The early April opening of an exhibit at the Canadian Language Museum kicked off Yiddish Spring, a celebration featuring Yiddish-based concerts and programming at locations around Toronto, in April, May and June.
The opening attracted an overflow crowd who listened to Berlin-based musician Paul Brody’s sometimes humorous sound installation, The Music of Yiddish Blessings and Curses. On the visual side, the exhibit includes a reimagining of doctoral student Miriam Borden’s Komets-Alef-O! Back to School at the Yiddish Kheyder. It was installed at the University of Toronto’s Robart’s Library last year.
To create The Music of Yiddish Blessings and Curses, Brody asked several Toronto Yiddish speakers about their favourite Yiddish curses and blessings, and to speak about the stories and memories behind them.
“Each blessing, each curse was like a little door into that person’s recollection of their lives, of their family and often their relationship with Jewish culture or Yiddish culture,” Brody said during his presentation.
While working on the installation, he discovered the emotion in their voices revealed the musicality of the Yiddish language.
“There’s a lot of narrative to be discovered in the melody of our voice. Your voice, each and every morning when you’re talking about what you want for breakfast, has as much melody in it as any opera aria,” Brody said.
“Our voice melody contains information about a person, their mood and their age, where the person has been, maybe the languages they speak.”
For the installation, he blended the documentary component with musical interpretations of the voice melodies. At the opening, local musicians Lorie Wolf on percussion and Brian Katz on guitar with Paul Brody on trumpet, improvised some musical interpretations based on the voice melodies of curses shared by audience members.
Borden’s Komets-Alef-O! Back to School at the Yiddish Kheyder at the Robart’s Library invited visitors to imagine themselves as pupils learning at a Yiddish kheyder, (heder) where they could explore some of the basic skills required to engage with Yiddish: how to read it, how to write it, how to speak it, and how to identify what it looks and sounds like.
The reimagined exhibit is more of a heder in an experiential sense, with a classroom space, a library space and a home economics space with the Jewish kitchen on display. After viewing the exhibit’s panels, presented as four Yiddish lessons, you can get a worksheet from the reception desk with activities that challenge you to apply your new Yiddish skills.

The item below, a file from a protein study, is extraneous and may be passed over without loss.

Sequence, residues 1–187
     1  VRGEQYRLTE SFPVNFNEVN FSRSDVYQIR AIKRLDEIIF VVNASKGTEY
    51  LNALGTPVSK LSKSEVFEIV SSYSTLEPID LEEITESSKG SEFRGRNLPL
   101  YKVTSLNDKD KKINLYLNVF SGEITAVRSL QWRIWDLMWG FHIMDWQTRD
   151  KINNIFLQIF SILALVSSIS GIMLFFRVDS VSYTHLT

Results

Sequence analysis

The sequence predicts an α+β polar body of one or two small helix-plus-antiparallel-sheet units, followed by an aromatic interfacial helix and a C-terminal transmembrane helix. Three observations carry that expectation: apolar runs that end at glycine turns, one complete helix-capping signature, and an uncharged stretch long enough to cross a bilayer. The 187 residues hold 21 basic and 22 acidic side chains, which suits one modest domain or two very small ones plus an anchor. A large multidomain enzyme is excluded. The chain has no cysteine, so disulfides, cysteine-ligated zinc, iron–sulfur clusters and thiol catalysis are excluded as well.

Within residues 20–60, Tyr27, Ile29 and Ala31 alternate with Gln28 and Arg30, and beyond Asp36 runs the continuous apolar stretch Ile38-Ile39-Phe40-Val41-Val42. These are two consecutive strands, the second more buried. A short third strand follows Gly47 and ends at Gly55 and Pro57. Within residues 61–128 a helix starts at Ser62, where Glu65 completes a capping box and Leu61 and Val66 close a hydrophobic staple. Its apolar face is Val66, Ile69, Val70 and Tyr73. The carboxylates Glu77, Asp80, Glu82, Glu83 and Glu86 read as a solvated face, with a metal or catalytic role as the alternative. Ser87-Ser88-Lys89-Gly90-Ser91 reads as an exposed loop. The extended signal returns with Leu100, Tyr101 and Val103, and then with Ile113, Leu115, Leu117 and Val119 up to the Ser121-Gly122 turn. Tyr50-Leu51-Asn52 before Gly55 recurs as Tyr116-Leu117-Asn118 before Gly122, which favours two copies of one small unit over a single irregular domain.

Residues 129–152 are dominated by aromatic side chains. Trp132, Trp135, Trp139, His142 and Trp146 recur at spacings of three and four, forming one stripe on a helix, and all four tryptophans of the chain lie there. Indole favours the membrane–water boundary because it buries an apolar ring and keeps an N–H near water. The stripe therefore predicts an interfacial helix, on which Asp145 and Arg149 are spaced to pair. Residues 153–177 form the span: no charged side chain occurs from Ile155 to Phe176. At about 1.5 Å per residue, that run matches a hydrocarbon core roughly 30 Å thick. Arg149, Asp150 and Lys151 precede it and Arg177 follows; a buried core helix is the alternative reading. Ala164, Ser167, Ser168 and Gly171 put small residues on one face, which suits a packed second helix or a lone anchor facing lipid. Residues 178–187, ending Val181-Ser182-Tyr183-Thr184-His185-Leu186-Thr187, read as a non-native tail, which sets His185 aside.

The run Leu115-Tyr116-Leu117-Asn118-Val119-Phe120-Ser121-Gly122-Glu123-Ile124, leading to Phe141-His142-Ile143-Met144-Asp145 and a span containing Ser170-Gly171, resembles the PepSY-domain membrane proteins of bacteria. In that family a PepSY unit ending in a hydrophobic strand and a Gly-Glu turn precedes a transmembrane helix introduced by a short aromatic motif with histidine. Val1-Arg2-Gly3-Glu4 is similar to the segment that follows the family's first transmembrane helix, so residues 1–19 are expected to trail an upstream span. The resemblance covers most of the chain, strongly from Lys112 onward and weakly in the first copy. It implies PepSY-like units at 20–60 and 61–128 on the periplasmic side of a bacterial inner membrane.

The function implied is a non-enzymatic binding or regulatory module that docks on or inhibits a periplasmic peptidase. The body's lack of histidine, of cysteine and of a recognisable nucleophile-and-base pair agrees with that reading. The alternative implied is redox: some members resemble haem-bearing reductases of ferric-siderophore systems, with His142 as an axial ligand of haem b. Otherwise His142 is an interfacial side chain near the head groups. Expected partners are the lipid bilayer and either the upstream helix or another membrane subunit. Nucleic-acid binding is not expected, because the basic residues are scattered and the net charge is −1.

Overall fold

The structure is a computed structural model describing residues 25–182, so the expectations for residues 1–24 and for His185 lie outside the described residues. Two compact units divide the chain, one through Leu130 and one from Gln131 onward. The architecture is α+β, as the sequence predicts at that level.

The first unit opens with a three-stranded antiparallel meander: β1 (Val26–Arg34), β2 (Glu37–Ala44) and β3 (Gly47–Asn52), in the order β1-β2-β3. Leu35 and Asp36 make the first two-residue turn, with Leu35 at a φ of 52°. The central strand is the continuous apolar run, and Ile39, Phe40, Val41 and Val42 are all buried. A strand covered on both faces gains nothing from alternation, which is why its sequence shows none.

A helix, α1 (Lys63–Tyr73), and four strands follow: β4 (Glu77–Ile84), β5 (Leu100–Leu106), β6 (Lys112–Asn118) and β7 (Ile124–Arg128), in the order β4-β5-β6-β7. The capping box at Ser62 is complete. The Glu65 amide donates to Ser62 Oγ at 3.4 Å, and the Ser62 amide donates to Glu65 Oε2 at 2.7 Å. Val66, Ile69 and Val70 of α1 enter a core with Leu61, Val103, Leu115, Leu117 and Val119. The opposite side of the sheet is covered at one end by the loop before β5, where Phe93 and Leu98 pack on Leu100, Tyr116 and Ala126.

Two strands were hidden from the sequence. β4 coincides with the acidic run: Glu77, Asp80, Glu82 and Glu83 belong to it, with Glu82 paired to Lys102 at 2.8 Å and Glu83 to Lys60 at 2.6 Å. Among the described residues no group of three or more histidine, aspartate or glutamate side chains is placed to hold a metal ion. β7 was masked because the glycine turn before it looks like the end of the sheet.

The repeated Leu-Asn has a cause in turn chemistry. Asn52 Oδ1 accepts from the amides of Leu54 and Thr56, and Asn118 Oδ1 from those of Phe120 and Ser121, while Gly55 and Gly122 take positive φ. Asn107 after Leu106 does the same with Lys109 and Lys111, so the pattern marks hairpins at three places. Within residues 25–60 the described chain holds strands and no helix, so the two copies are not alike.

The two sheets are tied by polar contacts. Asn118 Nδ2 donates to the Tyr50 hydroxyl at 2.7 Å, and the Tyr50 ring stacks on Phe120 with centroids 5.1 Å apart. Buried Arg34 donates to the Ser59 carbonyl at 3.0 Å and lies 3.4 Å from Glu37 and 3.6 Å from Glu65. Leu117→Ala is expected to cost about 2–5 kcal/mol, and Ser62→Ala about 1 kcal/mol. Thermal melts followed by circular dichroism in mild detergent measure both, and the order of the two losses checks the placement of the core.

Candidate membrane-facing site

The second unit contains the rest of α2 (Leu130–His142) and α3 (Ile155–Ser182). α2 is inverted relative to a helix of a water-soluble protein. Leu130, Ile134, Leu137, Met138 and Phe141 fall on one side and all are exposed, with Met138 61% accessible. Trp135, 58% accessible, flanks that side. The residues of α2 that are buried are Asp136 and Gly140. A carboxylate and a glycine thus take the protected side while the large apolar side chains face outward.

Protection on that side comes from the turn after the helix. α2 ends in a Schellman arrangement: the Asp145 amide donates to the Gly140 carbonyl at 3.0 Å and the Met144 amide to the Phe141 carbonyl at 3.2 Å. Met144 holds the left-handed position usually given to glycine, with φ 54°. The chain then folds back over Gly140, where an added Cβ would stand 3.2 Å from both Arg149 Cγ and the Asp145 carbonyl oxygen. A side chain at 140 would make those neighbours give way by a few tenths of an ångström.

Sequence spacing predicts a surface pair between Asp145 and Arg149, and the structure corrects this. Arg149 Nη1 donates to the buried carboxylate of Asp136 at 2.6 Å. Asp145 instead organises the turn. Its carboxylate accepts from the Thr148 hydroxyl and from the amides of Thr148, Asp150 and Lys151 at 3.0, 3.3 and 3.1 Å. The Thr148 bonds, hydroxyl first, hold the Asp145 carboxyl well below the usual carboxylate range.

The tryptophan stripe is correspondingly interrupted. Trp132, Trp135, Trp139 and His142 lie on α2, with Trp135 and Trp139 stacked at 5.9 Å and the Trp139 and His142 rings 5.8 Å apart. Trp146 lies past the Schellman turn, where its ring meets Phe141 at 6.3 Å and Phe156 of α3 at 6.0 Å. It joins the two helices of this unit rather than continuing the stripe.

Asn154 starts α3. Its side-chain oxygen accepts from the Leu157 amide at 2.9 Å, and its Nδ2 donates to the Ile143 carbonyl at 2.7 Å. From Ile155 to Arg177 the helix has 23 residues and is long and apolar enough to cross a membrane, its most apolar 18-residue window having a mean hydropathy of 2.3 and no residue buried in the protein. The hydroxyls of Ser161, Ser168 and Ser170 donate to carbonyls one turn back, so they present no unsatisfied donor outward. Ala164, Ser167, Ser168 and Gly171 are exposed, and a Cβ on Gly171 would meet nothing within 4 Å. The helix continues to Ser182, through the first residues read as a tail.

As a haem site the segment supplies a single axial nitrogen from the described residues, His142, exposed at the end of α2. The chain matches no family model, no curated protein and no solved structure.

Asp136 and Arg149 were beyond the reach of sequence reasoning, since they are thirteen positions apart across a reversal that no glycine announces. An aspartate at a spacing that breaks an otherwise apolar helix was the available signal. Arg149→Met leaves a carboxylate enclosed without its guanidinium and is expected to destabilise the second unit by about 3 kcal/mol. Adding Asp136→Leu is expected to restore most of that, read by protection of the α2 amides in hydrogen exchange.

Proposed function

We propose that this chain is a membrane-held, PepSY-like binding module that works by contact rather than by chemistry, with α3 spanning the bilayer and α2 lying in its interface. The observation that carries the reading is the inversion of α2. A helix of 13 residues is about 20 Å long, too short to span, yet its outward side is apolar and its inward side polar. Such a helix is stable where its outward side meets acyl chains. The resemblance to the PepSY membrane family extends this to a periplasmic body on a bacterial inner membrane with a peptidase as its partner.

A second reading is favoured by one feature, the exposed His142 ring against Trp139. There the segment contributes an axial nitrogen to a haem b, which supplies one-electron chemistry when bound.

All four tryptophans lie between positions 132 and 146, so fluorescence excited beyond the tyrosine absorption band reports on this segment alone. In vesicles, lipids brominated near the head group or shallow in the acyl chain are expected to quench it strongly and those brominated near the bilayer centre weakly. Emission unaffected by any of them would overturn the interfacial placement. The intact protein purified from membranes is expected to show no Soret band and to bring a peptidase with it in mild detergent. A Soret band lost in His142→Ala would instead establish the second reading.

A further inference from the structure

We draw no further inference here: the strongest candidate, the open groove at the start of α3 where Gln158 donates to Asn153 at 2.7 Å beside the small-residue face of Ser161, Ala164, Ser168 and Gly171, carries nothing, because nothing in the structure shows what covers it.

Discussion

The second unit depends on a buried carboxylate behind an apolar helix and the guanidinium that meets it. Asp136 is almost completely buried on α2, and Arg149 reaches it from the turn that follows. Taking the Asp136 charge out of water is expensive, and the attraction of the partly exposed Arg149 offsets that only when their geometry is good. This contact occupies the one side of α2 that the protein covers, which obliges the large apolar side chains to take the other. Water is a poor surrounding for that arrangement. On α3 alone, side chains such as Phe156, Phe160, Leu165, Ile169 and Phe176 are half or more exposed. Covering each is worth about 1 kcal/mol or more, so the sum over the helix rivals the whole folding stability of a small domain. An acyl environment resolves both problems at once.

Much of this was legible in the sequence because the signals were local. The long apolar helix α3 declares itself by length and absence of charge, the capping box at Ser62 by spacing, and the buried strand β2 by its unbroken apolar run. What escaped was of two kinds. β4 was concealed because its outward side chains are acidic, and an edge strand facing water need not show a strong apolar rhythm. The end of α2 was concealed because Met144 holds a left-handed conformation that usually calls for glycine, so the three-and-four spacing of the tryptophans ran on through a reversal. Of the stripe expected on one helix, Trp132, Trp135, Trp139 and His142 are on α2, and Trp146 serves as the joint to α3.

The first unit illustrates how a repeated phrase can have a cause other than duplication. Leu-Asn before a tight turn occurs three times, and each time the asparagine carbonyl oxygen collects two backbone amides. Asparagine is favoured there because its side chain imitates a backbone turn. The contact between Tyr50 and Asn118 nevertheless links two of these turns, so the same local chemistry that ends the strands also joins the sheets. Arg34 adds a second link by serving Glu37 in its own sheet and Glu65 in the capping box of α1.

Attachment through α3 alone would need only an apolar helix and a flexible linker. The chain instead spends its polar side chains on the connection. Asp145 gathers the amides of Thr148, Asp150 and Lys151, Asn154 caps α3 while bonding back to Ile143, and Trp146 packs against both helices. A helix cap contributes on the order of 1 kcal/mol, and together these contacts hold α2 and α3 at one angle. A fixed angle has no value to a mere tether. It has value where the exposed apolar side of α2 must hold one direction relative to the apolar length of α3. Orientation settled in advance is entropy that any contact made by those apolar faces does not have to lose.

“There never existed a formal, institutional framework for learning or teaching Yiddish in the Ashkenaz of old,” Borden said. “This Yiddish heder is a creation for this space and this time, inviting visitors to reflect on the fact that increasingly 21st-century Yiddish spaces have moved from the street, the home and the shul into the classroom, the library and, yes, the museum.”
Photographs by Rowan Van Blerk, expressive portraits of people Brody interviewed for the sound installation, line the gallery’s walls. You can listen to the sound installation through headphones the gallery provides.
A project of the Ashkenaz Foundation in association with the UJA Committee for Yiddish and several independent partners, Yiddish Spring is also made possible in part with the support of UJA’s Kultura Collective.
Highlights of Yiddish Spring:
• The Yiddish Spring exhibit runs until June 27 at the Canadian Language Museum, Glendon College, 2275 Bayview Ave. (languagemuseum.ca)
• April 24, June 5, 12, 19, 26; Toronto Klezmer Society jam sessions at Drom Taberna, 458 Queen St. W., 9 p.m. to midnight,
• May 19, World Fiddle Day: Spotlight on Klezmer, with guest artists Deborah Strauss and Jeff Warschauer, at the Canadian Language Museum, 10 a.m. to 6 p.m.
• May 30, Daniel Kahn and the Painted Bird, radical Yiddish borderland bandidas with punk attitude. Presented by Ashkenaz and UJA Committee For Yiddish as part of Jewish Music Week at the Lula Lounge, 8 p.m.
• June 18, lecture by University of Toronto professor Anna Shternshis about Yiddish Glory – Lost and Found: Yiddish Songs of Soviet Jews During World War 2, Schwartz/Reisman Centre, 9600 Bathurst St., 1 p.m.
For tickets, visit ashkenaz.ca.